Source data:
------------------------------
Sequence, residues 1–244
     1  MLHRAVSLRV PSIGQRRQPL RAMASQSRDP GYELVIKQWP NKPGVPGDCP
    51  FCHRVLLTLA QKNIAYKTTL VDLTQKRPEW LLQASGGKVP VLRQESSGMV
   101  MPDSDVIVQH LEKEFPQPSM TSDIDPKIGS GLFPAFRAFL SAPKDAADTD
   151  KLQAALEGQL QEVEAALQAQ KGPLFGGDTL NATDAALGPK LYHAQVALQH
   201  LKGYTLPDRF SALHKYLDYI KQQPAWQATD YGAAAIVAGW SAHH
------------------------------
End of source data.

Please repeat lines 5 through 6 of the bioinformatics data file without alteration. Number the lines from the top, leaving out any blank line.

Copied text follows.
   151  KLQAALEGQL QEVEAALQAQ KGPLFGGDTL NATDAALGPK LYHAQVALQH
   201  LKGYTLPDRF SALHKYLDYI KQQPAWQATD YGAAAIVAGW SAHH